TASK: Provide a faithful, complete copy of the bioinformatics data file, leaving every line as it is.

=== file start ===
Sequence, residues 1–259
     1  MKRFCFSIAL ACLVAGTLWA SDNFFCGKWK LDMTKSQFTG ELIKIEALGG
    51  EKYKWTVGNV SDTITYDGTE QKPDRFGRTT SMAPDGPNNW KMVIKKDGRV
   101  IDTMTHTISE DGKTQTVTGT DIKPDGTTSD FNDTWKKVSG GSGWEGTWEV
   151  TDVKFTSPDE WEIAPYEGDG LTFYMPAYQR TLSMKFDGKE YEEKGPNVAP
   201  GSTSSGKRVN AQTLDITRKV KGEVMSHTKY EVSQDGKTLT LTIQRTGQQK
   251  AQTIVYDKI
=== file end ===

Sequence, residues 1–259
     1  MKRFCFSIAL ACLVAGTLWA SDNFFCGKWK LDMTKSQFTG ELIKIEALGG
    51  EKYKWTVGNV SDTITYDGTE QKPDRFGRTT SMAPDGPNNW KMVIKKDGRV
   101  IDTMTHTISE DGKTQTVTGT DIKPDGTTSD FNDTWKKVSG GSGWEGTWEV
   151  TDVKFTSPDE WEIAPYEGDG LTFYMPAYQR TLSMKFDGKE YEEKGPNVAP
   201  GSTSSGKRVN AQTLDITRKV KGEVMSHTKY EVSQDGKTLT LTIQRTGQQK
   251  AQTIVYDKI